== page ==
How I Got My Agent

The novel that got me my agent is not my first written or queried novel—by far.

I am a perseverance story. A turtle story. A “go touch some grass” story. I am jaded. Realistic. Cynical, maybe. I prefer the hard truth over the sugarcoated one. I have faced a decade of rejection. I want to start with this so you know what to expect. If you’re looking for wonder and positivity in your journey towards finding your agent, then you won’t find that here. That’s not my story. And that’s okay. There are stories out there, like that, and they’re great. They’re just not my story.

I forced myself to break many personal boundaries to get to where I am now, and I’m not sure all of it was perhaps worth the cost of my anxiety and stress. Not in the end, anyway. And that’s one of the many ways that this game is rigged. You can’t know what works for you, and when it works, and so you have to try everything to optimize your chances.

I always preach self-awareness as being the best tool a writer can have, and I stand by that even now. Self-awareness of your creative process, of your weaknesses, of your strengths—that’s all gonna help you in the end. It’ll help you improve, sure, but it’ll also help you find peace and acceptance with yourself and your projects. It did for me. 80% of the time, anyway; I’m no saint.

As an international ESL-writer (English second language), my struggle was both learning the craft of writing and storytelling in English—but also learning how to navigate a foreign industry. From afar, no less. From 100% online. And with a severely limited physical support network here at home in Denmark.

For reference, Denmark doesn’t have anything that equates to a literary agent as a profession. Our market is not big enough or competitive enough for that. It’s author to publisher, always, and we have basically only 1-2 big publishers. And they all lean towards literary fiction, not towards the genre fiction that I write.

If you’re an international writer, you’ll get all that I’m saying here.

I’m not sure others necessarily will, but you will.


2012 book: 0 requests

2016 book: 0 requests

2018 book: 1 full request

2019 book: 3 full requests, all rejected

2020 book: 0 requests

2021-22 book: 7 requests w/1 offer (7,8% request rate)

Chronological(ish) order of events:


I technically sent my first query when I was 21. I am now 32. My first query was ten years ago. It was before email queries dominated the industry as much as they do now. I sent my query and pages in an SASE (self-addressed stamped envelope) from Denmark—to Neil Gaiman’s agent in the US, because I’m nothing if not self-deluded—and genuinely expected a reply. As you can imagine, I got no reply. In hindsight, that was good. Because that book sucked. Majorly. And it was also culturally insensitive. I’ve learned since then, thankfully.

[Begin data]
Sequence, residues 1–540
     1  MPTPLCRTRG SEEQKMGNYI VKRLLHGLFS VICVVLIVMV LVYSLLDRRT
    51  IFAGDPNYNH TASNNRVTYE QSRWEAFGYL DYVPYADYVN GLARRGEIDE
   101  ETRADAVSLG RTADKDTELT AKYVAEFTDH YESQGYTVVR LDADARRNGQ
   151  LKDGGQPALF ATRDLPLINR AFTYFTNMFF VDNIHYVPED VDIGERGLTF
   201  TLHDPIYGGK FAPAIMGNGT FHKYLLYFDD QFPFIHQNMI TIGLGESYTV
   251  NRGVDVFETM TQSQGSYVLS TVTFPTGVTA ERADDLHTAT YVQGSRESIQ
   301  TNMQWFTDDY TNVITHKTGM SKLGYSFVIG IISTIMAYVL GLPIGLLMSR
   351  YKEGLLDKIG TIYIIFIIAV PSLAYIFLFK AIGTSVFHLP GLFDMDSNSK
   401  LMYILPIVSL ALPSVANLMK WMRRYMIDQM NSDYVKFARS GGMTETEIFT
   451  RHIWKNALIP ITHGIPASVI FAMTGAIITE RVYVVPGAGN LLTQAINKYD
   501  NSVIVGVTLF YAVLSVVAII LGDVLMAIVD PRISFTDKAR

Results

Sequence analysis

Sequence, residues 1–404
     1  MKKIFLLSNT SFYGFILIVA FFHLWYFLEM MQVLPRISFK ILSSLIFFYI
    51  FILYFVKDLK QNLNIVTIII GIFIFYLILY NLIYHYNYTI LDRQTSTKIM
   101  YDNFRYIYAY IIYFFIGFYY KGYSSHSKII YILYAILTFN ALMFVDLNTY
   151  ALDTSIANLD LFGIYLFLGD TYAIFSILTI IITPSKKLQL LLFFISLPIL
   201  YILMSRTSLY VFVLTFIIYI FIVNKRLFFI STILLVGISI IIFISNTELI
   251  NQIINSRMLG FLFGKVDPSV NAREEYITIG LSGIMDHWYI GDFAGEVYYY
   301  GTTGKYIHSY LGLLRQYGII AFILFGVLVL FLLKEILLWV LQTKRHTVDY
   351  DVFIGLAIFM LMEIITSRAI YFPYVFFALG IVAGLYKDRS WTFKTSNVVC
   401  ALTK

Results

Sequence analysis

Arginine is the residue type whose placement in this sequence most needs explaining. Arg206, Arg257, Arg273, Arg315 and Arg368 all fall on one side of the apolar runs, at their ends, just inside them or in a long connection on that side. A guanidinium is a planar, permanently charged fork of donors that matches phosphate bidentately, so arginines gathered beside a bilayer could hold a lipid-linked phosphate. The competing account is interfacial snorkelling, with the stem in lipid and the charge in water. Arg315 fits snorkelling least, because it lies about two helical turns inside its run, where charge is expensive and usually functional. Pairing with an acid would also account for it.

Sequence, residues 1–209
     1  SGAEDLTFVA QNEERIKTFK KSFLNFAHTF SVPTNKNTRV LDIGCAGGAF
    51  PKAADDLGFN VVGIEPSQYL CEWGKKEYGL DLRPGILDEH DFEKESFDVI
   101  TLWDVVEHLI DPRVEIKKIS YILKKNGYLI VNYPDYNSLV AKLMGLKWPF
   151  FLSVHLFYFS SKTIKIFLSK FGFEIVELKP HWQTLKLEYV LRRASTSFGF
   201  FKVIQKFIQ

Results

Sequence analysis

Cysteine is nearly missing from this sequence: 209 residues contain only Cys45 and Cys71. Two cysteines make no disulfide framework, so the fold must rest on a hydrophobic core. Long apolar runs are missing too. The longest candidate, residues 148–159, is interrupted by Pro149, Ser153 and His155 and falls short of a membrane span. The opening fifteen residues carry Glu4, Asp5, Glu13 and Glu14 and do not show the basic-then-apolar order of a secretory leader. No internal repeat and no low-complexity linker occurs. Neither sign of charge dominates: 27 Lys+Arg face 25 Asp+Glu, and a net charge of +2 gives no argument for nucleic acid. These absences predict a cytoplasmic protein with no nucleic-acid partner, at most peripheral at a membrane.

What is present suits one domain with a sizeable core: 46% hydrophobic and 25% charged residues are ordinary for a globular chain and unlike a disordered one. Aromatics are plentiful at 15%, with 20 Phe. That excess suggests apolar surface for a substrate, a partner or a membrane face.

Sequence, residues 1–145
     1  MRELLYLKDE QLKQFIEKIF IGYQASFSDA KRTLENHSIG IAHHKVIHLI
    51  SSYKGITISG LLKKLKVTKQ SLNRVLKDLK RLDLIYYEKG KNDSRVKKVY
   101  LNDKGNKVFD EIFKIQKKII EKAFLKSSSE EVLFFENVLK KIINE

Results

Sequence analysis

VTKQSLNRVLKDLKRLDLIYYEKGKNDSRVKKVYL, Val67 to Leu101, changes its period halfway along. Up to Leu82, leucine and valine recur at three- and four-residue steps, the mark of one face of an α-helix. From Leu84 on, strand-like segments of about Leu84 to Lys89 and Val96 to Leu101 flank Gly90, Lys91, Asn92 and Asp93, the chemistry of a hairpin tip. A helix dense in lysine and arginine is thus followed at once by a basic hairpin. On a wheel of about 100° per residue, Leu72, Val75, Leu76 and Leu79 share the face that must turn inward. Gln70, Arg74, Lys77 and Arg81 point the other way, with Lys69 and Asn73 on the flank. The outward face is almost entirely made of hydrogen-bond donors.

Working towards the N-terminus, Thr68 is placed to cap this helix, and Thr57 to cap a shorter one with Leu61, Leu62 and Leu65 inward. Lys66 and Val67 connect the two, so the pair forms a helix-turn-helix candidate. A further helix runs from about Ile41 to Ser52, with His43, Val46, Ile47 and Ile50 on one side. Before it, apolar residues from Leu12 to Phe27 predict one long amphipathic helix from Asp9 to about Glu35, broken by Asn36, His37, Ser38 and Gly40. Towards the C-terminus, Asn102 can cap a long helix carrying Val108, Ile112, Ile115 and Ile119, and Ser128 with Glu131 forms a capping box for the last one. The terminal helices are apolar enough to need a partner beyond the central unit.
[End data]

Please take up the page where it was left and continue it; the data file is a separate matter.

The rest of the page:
Until 2015, I took a break. From querying. Not from writing. I think I realized at this point that I wasn’t good enough to be querying. I had just shifted from writing primarily fanfiction to original stuff, and I think I realized my original fiction needed more work to be traditionally published. Particularly, I needed to learn story structure. I needed to strengthen my storytelling skills until they were as strong as my writing skills. I read a lot of craft books in that time. I approached it like I did my academic degree. That is, with a lot of notetaking and cross-referencing of techniques, styles, advice etc. All pertaining to story structure, naturally, because I had identified that as my weakness.

Leading up to 2018, I was also shifting from writing YA to writing Adult, so this set me back further in my querying journey since that involved studying a different age category. That meant catching up on the adult fiction market in terms of reading books and in terms of researching agents. This shift was extremely time-consuming, to be honest, but also extremely helpful.


Around 2018, I was working hard on building relationships with beta readers and critique partners. Ones that I could trust, mind you, and with an emphasis on long-term. Before then, I had been ghosted by plenty of beta-readers, and I was done taking the easy way out. I began swapping material with other writers, a process that taught me so much about my own writing. Focusing on helping others was one of the best decisions I’ve ever done because I was also helping myself. In a roundabout way, you know? That’s how all creative artistry works, I’ve since realized.

Around 2020, I began to get serious about pitch events (pitmad, sffpit, moodpitch, pitdark). I began to study how to write twitter pitches (and, indeed, my agent offer came from a pitch event), and I began to experience successful ones. I was finally cracking that particular code.

I also applied for mentorship programs (pitchwars, AMM, revpit, writementor, roguementor) from 2018 and onward. I eventually got picked by roguementor in 2021, with the book that also got me my agent. It was one of two requests that I ever got from any mentorship programs, in total, with four books.